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Is It Time to Break Your Mortgage Contract?

Is It Time to Break Your Contract? Your Credit Score

With mortgage rates still hovering at a 30 year historic low and the likelihood that mortgage rates will rise; chances are you have considered breaking your current mortgage term and processing an early renewal before rates rise substantially.

In some cases, the lenders are open to negotiations regarding your penalty if there is a short amount of time remaining on your term, usually one year and under. However the penalty can be quite substantial if you are not very far into your current mortgage term. Keep in mind that penalties vary from lender to lender and there are different penalties on the type of mortgages. If you opted for a “cash back” mortgage, there may be additional claw backs of these initial cash incentives.

People often assume the penalty for breaking a mortgage amounts to three months’ interest payments so, when they do a preliminary number crunch, it doesn’t seem so bad. However, in most cases the penalty is actually noted in the mortgage documents as the greater of three months’ interest or the interest rate differential (IRD). The IRD is the difference between the interest rate on your existing mortgage contract and today’s posted mortgage rate. With rates so low these days, the IRD tends to be greater than three months’ interest. For some people, breaking and renegotiating at a lower rate without careful planning can mean they come out no further ahead or even worse off.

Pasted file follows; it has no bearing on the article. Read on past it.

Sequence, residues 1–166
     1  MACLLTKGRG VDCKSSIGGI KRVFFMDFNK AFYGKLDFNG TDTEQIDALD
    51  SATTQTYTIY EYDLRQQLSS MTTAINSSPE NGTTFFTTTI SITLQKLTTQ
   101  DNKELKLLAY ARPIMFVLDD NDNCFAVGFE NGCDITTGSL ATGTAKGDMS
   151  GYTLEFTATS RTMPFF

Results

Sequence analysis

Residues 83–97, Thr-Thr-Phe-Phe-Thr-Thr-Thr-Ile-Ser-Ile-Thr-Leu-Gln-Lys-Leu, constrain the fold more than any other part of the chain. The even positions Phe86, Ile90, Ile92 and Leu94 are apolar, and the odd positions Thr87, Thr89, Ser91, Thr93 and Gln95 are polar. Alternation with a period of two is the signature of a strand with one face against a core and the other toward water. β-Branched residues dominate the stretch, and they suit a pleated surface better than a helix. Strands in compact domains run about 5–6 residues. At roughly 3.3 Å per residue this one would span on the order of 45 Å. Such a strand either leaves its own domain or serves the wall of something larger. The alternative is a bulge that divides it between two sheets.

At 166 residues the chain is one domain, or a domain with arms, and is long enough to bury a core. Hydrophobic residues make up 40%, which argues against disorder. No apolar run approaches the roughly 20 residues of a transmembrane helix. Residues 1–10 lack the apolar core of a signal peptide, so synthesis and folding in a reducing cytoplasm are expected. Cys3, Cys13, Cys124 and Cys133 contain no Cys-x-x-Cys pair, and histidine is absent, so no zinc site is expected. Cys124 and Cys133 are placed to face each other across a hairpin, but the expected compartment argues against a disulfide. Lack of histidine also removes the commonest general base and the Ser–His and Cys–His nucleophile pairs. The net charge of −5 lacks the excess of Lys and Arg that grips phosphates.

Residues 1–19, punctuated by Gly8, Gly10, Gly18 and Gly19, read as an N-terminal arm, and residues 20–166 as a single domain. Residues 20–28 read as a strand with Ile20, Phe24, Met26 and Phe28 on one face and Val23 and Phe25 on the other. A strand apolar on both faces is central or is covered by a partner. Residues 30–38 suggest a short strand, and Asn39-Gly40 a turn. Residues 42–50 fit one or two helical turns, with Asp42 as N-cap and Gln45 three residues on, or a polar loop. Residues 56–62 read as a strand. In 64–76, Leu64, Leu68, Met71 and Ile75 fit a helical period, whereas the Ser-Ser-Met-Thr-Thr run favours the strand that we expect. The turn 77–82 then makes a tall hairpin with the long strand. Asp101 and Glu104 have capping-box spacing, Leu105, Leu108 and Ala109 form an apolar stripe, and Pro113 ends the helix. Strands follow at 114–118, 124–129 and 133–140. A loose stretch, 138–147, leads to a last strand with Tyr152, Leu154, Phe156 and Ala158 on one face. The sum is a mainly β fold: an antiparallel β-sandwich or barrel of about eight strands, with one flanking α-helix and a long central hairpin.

Your Credit ScoreWhile breaking a mortgage and paying penalties based on the IRD can result in a break-even proposition in the short term, if you look long term, you’ll see the true savings. The goal is to secure a long-term rate commitment before it is too late, and here lies the significant future savings. Some lenders will issue a pre approval rate commitment with a 120 day expiry date of which will delay the funding of the new mortgage, secure you current rates and may also reduce the penalty owing.

Here’s a basic example for review. You have one year left on your existing mortgage. Your lender is quoting you a $2500 penalty to break your current mortgage contract with the rate of 4.00%. The new mortgage rate is 3.00%, which means you will save $300 a month in payments, over the 5 year (60 month) term, You will have recouped your penalty payment in just over 8 months, leaving 52 months where you save $300 each month ($300.00 x 52) resulting in a whopping $15,600 in savings!

If you would like more information about how I, as a CENTUM Mortgage Professional, can assist you in ensuring that your best interests are looked after please do not hesitate to get in touch with me.

Chris Marriner
Mortgage Specialist

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